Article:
Fall for the person, not the profile - that's the message from police forces across the country today as a new campaign is launched to tackle romance fraud.
South Yorkshire Police is supporting the national drive to raise awareness of romance fraud and provide clear advice to the public, following a 26 per cent rise in reports to Action Fraud nationally in the last year.
Romance fraud occurs when you think you've met the perfect partner online - but they are in fact using a fake profile to form a relationship with you. They gain your trust over a number of weeks or months, and make you believe you are in a loving and caring relationship. However, the criminal’s end goal is only ever to get your money or personal information.
Action Fraud has received 97 reports of romance fraud from victims - both men and women - in South Yorkshire in the 12 months up to August 2020, with reported losses of more than £611,000. All age groups have been targeted in our area but the majority of victims are over 40 years old.
The top five platforms nationally where victims reported first interacting with the fraudster were Facebook, Plenty of Fish, Instagram, Tinder and Match.com.
SYP Fraud Protect Officer Andy Foster, from the force's Fraud Co-ordination Team, said: "Romance fraud is a particularly nasty crime which affects victims not only financially, but also emotionally. The impact upon a victim, and their family and loved ones, can be significant and long-lasting.
"In my role I have met dozens of victims of romance fraud to provide support, advice and information on how to prevent becoming a repeat victim of these cruel, heartless criminals. The victims I have spent time with are often in denial - they can't comprehend that their whole online relationship is a lie and the person at the other end of the internet is nothing more than a scammer wanting money."
During June, July and August 2020, Action Fraud received 30 reports of romance fraud from victims in South Yorkshire, indicating people may have met, and begun talking to, romance fraudsters during the national lockdown caused by the coronavirus outbreak.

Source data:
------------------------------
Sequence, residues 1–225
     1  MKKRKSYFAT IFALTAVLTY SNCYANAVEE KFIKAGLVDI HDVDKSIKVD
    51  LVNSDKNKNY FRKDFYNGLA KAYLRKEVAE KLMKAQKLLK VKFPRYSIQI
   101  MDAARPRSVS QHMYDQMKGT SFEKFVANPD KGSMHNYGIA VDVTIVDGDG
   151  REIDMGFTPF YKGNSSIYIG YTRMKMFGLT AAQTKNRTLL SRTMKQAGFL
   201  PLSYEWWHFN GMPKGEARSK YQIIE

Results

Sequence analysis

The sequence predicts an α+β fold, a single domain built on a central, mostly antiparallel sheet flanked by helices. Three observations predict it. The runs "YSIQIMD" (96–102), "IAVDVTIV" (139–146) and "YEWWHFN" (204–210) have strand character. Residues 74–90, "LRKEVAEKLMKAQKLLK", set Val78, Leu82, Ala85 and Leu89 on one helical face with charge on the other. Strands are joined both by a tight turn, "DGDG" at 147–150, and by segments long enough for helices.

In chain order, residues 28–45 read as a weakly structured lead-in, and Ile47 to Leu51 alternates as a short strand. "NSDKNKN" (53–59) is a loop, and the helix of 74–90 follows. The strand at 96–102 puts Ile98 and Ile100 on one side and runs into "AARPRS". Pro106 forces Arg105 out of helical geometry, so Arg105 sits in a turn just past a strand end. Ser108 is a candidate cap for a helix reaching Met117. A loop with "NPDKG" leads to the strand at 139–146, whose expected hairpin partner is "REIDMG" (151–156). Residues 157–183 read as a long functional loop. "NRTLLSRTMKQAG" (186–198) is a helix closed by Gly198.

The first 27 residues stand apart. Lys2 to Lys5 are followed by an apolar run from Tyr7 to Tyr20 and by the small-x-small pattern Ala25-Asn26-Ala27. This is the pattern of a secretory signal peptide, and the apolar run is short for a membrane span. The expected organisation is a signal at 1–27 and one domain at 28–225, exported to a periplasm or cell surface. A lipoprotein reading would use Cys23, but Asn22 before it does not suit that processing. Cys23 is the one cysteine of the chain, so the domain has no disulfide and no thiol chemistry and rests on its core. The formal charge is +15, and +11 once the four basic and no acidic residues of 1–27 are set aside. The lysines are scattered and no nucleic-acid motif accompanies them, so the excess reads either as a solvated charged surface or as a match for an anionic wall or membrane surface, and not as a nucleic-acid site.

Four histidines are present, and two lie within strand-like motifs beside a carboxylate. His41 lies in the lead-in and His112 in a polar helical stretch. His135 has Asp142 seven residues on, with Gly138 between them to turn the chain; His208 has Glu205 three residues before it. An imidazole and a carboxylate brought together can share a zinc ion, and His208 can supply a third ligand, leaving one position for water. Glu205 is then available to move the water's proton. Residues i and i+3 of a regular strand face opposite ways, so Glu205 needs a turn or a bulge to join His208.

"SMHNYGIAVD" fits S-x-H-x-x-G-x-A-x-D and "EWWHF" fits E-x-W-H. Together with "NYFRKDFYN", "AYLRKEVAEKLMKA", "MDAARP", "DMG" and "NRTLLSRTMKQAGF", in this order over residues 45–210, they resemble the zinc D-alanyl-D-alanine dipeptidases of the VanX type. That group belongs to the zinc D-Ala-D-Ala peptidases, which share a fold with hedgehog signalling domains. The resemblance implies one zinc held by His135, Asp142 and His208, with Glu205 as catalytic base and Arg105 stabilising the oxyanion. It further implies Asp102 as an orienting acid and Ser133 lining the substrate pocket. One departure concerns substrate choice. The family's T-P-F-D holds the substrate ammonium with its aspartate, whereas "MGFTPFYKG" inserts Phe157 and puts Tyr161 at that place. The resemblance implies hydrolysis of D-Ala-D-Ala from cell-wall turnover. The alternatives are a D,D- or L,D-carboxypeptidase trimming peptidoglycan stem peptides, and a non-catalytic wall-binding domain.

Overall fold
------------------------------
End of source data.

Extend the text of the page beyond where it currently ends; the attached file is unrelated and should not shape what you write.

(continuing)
Andy added: "The victims of romance fraud can often be older people, who are more likely to be shielding or spending less time with loved ones during the pandemic. They may therefore welcome the thought of companionship and love from someone online.
"For these shameless criminals to exploit those who have been left particularly vulnerable during the coronavirus outbreak is simply horrendous. It makes it even more important to spread the word about romance fraud, and empower potential victims and their loved ones with the knowledge of how to spot the signs."
The multi-agency national campaign, co-ordinated by City of London Police, will run throughout October.
Spot the signs
- You strike up a relationship with someone online and they declare their love for you quickly. They may even talk of marriage.
- They claim to be overseas because they work in the military or medical profession, or are carrying out important charity work.
- They constantly make up excuses about why they can't video chat or meet in person, and then try to move the conversation away from the platform you met on.
- They ask for money from you for a critical emergency. The reason will be something emotive - for example needing funds to pay for medical treatment for their adopted child.
- They tell you to keep your relationship private and insist you don’t discuss anything with your friends and family.
- Avoid giving away too many personal details to someone you've never met in person, as it can lead to your identity being stolen.
- Stay on the site's messaging service until you meet in person. Criminals are keen to move to other platforms that are less regulated and have better encryption, so there's no evidence of them asking you for money.
- Most online platforms have a reporting tool which you can use if you suspect someone online isn't who they say they are. Reporting their profile means it can be blocked, which helps protect others.
- NEVER send money to someone you haven't met in person. Do not allow them access to your bank account, transfer money on their behalf, take out a loan for them, invest your own money on their advice, buy and send the codes on gift cards from Amazon or iTunes, or agree to receive/send parcels on their behalf.
- If you think you have been a victim of romance fraud, report it to Action Fraud by calling 0300 123 2040 or online at actionfraud.police.uk.
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